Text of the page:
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Real Estate – A Real Game Changer in India

India’s burgeoning population, if seen from a political, social and cultural angle, is a challenge since it has huge consequences on consumption of resources, particularly land that’s, unfortunately, a limited resource.

In this respect, accommodating a huge population such as this warrants intervention from government, private and civil society members to make a real difference.

After agriculture real estate in India is the second largest employer that’ll grow to about 30% in the next 10 years. According to India Brand Equity Foundation (IBEF), the real estate sector is expected to touch 180 billion USD by 2020. Department of Industrial Policy and Promotion (DIPP) reports that the construction sector in India received Foreign Direct Investment to the tune of 24.28 billion USD in the period April 2000- December 2016.

The services sector in India has registered the highest demand for office space. With Foreign Direct Investment inflows to the tune of 42 billion USD coming to India in the 2016-17 fiscal along with a robust IT sector that contributes about 40% to India’s GDP, demand for office complexes has seen a boom.

National Buildings Construction Corporation (NBCC) led re-development of East Kidwai Nagar in South Delhi is seeing a high demand for office space apart from residential requests. Down South, the office space absorption in 2016 across the top eight cities amounted to 34 million sq. feet with Bengaluru recording the highest net absorption during the year.

US based real estate investment management company Jones Lang LaSalle (JLL) in its annual report; ‘City Momentum Index 2017’ mentions six Indian cities viz.

Bengaluru (1), Hyderabad (5), Pune (13), Chennai (18), Delhi (23) and Mumbai (25) that have made it to the top 30 most dynamic cities. In all 6 of these, the real estate sector has been a crucial catalyst which has enabled them to become hotspots for residential and commercial occupancies.

With the flagship ‘Housing for All’ scheme, the Indian government is aiming to provide a durable dwelling for all Indians by 2022. With an estimated 2.5 Crore households expected to be built in rural areas and about 25 lakh houses for urban poor as per Ministry of Rural Development and Ministry of Housing and Urban Poverty Alleviation, the real estate sector in India is sure to experience a cataclysmic growth.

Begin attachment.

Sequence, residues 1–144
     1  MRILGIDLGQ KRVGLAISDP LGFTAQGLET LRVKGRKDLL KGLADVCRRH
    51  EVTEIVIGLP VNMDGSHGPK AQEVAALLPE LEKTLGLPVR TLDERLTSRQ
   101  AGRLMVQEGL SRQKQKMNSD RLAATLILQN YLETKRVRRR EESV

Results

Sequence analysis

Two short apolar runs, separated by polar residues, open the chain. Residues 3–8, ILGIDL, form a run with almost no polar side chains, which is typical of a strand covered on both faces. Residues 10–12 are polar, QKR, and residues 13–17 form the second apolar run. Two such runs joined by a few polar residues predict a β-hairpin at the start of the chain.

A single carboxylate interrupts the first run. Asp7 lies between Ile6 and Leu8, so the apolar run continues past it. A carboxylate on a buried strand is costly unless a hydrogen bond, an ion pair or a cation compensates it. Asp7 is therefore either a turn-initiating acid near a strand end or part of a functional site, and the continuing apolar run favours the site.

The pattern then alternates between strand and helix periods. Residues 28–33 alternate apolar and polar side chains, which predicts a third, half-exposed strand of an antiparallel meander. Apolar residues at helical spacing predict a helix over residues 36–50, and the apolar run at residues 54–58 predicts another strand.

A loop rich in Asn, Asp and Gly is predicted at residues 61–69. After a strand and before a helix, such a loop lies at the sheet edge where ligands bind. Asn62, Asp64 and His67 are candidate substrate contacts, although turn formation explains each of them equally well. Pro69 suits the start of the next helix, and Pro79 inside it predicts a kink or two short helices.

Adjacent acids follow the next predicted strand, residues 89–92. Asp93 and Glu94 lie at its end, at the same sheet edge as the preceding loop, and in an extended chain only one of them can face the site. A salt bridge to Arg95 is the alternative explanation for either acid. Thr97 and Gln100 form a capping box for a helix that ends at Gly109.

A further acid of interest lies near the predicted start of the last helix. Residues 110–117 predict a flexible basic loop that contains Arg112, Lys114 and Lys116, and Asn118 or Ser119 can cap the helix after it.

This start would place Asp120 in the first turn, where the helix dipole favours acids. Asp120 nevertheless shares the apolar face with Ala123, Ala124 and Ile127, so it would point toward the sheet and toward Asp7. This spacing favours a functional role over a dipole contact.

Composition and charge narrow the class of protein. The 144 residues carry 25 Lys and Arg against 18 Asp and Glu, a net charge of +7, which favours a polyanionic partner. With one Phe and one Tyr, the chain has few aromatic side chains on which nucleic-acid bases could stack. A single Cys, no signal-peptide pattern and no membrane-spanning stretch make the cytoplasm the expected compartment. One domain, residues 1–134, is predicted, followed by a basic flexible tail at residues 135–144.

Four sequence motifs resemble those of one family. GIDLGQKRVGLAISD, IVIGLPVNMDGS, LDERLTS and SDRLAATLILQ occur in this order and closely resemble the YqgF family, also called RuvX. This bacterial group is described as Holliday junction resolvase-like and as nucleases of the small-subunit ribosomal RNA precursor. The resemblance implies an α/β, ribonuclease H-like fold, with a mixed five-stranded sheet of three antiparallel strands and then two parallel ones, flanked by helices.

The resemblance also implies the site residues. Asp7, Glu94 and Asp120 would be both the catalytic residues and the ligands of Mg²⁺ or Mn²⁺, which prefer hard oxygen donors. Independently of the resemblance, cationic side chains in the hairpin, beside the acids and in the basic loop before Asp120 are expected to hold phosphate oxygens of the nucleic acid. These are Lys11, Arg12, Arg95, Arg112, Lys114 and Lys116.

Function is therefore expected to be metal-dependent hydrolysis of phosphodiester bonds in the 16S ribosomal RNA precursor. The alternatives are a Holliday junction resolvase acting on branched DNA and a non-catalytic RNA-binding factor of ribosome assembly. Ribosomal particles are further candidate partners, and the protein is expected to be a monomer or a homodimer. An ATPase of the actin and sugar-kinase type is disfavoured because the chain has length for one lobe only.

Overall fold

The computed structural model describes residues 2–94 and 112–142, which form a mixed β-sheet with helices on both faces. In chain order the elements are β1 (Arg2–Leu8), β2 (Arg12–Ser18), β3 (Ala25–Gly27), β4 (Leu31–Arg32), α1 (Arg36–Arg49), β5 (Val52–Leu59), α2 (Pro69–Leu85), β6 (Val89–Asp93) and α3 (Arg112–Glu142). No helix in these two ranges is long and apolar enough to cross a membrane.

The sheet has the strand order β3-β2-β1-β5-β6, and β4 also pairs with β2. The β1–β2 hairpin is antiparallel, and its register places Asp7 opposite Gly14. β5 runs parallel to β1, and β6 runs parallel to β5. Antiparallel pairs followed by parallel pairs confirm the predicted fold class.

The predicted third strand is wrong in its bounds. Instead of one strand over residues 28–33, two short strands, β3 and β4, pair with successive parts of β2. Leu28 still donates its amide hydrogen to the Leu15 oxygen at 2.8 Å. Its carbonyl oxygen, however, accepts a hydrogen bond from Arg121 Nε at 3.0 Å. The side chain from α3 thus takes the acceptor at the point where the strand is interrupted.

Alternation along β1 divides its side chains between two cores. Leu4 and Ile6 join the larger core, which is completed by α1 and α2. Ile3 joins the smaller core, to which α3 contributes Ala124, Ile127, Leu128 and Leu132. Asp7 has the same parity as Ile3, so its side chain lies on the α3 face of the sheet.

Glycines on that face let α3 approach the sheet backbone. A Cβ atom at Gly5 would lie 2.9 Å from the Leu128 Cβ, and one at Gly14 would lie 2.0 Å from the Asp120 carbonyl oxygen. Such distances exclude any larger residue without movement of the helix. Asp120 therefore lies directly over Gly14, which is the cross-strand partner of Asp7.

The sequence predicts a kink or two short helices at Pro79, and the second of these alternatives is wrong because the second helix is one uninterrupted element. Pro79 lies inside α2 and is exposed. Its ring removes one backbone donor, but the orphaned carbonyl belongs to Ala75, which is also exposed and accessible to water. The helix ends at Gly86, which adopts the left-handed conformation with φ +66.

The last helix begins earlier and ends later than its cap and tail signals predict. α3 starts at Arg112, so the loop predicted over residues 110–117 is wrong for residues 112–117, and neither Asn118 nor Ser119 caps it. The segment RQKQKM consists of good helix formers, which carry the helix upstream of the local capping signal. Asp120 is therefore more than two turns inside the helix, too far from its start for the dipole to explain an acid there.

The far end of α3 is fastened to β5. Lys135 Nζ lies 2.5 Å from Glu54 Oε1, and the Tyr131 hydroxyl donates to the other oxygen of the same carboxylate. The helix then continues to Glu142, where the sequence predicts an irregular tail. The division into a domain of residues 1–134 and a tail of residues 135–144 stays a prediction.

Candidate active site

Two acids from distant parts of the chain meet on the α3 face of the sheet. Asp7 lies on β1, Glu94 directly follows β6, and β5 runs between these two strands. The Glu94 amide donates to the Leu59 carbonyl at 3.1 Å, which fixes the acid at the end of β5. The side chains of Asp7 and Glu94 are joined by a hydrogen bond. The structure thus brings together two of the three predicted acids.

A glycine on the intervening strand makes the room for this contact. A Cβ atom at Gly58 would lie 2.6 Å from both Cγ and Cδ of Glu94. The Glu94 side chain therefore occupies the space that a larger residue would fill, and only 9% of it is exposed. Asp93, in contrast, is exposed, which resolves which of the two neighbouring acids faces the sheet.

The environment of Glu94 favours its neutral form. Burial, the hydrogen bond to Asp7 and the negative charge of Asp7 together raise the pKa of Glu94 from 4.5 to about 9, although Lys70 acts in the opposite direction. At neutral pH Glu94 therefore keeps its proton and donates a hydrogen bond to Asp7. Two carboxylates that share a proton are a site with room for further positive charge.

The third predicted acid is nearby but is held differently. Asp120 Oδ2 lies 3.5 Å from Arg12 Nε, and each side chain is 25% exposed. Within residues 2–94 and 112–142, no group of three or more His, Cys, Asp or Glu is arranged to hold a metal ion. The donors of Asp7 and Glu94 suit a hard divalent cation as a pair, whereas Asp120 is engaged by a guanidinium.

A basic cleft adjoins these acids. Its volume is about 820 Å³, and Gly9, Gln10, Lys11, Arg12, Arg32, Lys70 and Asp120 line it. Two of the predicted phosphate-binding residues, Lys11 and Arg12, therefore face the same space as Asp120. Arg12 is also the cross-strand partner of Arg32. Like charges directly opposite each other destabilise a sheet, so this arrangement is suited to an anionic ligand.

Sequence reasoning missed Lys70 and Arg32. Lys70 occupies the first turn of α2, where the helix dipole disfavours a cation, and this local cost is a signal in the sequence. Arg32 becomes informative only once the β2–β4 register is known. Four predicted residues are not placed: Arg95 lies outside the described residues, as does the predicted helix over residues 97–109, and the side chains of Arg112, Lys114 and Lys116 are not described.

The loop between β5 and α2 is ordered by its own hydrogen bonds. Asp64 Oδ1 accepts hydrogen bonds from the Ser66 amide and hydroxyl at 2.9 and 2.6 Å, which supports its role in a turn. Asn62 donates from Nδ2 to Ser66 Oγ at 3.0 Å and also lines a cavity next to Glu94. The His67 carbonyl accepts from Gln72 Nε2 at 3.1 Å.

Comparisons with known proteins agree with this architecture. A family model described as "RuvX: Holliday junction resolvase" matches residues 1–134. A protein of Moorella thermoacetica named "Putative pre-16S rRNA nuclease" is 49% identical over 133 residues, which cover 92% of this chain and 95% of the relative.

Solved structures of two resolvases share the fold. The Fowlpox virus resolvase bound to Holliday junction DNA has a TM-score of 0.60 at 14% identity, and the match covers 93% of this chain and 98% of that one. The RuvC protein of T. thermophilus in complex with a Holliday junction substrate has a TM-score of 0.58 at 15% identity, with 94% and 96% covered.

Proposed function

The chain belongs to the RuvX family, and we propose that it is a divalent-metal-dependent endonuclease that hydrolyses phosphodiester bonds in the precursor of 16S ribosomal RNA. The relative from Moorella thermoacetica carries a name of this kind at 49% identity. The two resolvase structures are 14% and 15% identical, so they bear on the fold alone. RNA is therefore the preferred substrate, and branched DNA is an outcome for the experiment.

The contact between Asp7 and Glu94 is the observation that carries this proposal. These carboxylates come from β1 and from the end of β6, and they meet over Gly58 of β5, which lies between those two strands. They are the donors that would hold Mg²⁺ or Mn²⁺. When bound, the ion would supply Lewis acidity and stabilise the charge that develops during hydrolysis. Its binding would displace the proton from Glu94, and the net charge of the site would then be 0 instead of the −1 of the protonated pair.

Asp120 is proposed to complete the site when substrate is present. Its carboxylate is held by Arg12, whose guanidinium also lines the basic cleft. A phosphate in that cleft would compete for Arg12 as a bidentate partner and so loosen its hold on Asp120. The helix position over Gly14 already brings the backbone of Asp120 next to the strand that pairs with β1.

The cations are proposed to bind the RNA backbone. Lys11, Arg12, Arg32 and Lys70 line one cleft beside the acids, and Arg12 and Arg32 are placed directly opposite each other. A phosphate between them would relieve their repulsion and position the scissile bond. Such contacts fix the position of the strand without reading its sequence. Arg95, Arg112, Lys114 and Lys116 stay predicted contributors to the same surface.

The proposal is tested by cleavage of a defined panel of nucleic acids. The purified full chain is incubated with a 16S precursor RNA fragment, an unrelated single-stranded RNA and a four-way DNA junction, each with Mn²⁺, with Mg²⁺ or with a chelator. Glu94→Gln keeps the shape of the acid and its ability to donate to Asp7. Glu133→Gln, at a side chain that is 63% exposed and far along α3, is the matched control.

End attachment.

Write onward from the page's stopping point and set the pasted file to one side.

The Ministry of Housing and Urban Affairs has planned to float a bid for the private parties and set up a programme management unit in the ministry. This unit would coordinate with the technical cells of the state and the city.

The Prime Minister’s Office is monitoring and keeping a close eye on the progress of Housing for All initiative. Every state has a state level mission directorate plus a state monitoring and sanctioning committee and state nodal agency for the approval.

A web-based integrated Monitoring and Information System(MIS) has been developed by the ministry to monitor and keep a check on housing schemes. Third-party quality audits too has been envisioned under MIS.

A Third Party Quality and Monitoring Agency (TPQMA) at both Central and State levels have also been approved that would undertake desk review tasks and field visits. The objective of MIS is to introduce transparency and accountability at all times and the government along with other agencies seems to be ticking off the right boxes in this regard.

But for ‘Housing for All’ to become a reality, following issues need to be kept in mind;

  • The land is a scarce commodity and millions of housing units would in all probability put pressure on land and surrounding resources. However, In-Situ upgradations of slum and tenements offer a way out. Though this scheme may work in metropolitan or big cities, to make it work in small cities with low land value is a challenge.  A revenue generation scheme with the same needs to be sorted out.
  • Digitizing property records needs to be done to weed out illegal dwellings. Though the scheme has been implemented in many southern Indian states, it hasn’t been implemented at the Pan India level. Simplifying the process of getting a land record without harassment will make more people adopt the legally sanctioned approach.
  • Incentivizing existing property owners to give up their vacant plots or dwellings may also help rehabilitate millions of homeless Indians. A revenue-sharing scheme needs to be developed in this case as well so that the owner and local administration get appropriate profits.

Any discussion of real estate cannot be complete without giving attention to the Real Estate Regulation Act (RERA).

Apart from introducing a uniform system of accountability, RERA aims to bring four major components of the real estate sector together namely, Regulators, Developers, Brokers, and Consumers onto the legal and most importantly accountability platform.

The act is certainly a landmark legislation in the history of real estate in India. Effective and timely implementation across the country is needed to make sure that cases of scams, under the table dealings and undue harassments of innocent buyers becomes a thing of the past.

Nevertheless, to ensure a hassle-free and efficient buying experience, subsidies and home loans with an empowered real estate regulator would need to play an effective role as well.